‘Free From’ Claims in Cosmetic Products
Consumers are increasingly demand simple, 'clean', sustainable cosmetics and their interest on the composition of products is growing. 'Free from' or similar claims are usually appreciated and are currently a trend in the market. Nevertheless, not all 'free from' claims should be used or are allowed in cosmetic products placed in the European Union market.
Picture of Marta Pinto

Marta Pinto

Regulatory Affairs Associate


Claims can be in the form of texts, names, trademarks, pictures and figurative or other signs that convey explicitly or implicitly product characteristic or functions in the labelling, marketing and advertising of cosmetic products.

The Commission Regulation (EU) No 655/2013 lays down common criteria for the justification of claims in relation to cosmetic products. It applies to any cosmetic product claim, irrespective of the medium or type of marketing tool used, the product functions claimed and the target audience.

The six common criteria laid down by the Commission Regulation (EU) No 655/2013 are: Legal Compliance; Truthfulness; Evidential Support; Honesty; Fairness; and Allowing Informed Decisions. A cosmetic product cannot contain or imply false or irrelevant information and its claims should be supported by adequate and verifiable evidence (i.e., nothing should be claimed that cannot be supported). Overall, cosmetic products claims must be clear, true, objective, understandable and give enough information to allow consumers to make informed decisions. (see previous post)

A Technical document on cosmetic claims was prepared by the Sub-Working Group on Claims and then endorsed by the Working Group on Cosmetic Products. It serves as a ‘tool’, providing guidance for the application of the Commission Regulation on cosmetic claims. However, the views expressed in the document are not legally binding and only the European Court of Justice can give an authoritative interpretation of Union law.


Annex III of the Technical document on cosmetic claims provides guidance for the application of the common criteria established by the Commission Regulation (EU) No 655/2013 to ‘free from’ claims. It includes illustrative and non-exhaustive examples of this type of claims, with the aim of helping the industry to correctly use them.

Cosmetic products can not indicate that they are ‘free from’ a substance which is prohibited for use in cosmetics (according to Regulation (EC) No 1223/2009), as it is a mere compliance with minimum legal requirements. For example, “free from heavy metals” is not allowed, since the intended presence of heavy metals is prohibited in cosmetic products.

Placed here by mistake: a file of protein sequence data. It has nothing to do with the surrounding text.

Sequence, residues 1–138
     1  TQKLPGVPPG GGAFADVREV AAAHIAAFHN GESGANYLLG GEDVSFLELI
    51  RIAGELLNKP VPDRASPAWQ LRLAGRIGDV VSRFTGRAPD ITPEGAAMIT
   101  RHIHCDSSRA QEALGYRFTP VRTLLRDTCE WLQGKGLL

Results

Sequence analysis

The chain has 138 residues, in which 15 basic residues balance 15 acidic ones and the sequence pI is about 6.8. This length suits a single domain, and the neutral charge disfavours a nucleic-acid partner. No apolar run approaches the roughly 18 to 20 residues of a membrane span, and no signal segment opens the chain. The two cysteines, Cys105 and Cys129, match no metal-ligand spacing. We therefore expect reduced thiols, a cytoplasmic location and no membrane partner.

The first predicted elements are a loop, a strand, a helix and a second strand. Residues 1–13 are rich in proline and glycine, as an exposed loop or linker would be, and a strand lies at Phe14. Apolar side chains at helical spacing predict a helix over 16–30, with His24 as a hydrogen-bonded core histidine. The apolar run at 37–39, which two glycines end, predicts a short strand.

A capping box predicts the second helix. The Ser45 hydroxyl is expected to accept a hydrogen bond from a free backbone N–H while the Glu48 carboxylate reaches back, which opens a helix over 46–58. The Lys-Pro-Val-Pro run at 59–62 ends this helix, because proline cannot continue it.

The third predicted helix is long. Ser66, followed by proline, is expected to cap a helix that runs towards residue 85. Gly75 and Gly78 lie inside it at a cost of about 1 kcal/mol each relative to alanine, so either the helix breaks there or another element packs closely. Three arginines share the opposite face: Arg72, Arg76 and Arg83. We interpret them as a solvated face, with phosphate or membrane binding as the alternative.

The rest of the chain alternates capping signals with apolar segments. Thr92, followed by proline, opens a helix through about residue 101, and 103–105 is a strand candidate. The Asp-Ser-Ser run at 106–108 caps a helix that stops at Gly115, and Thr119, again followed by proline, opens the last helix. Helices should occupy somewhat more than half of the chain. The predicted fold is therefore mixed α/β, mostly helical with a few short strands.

Free from parabens‘ is another trendy claim in the cosmetic industry. Nevertheless, such claim should not be use. Certain parabens are safe when used according to the European Cosmetics Regulation, and the use of these type of claims is denigrating the entire group of parabens (authorized substances).

Another very common example of this type of claims is the “fragrance free” (or similar). These have to be evaluated in a case-by-case basis and are intrinsically dependent on the ingredients present and the respective function they can have in the final product.

However, there are several ‘free from’ claims or similar claims that are permitted as they allow an informed decision to a specific target group or groups of end users. One example is the claim “free from acetone” in a nail polish, for users wishing to avoid its particular smell, or the claim “free from animal-derived ingredients” in products intended for vegans.

If you need further information or advice on which claims can be made for your cosmetic products and their proper substantiation, feel free to contact us at info@criticalcatalyst.com.


  1. Regulation (EC) No 1223/2009 of the European Parliament and of the Council of 30 November 2009 on cosmetic products.
  2. Commission Regulation (EU) No 655/2013 of 10 July 22013 laying down common criteria for the justification of claims used in relation to cosmetic products.
  3. Technical document on cosmetic claims. Agreed by the Sub-Working Group on Claims. 2017. European Commission.


medical devices

Safety Reporting in Clinical Investigations: a Gap Analysis of Guidance Documents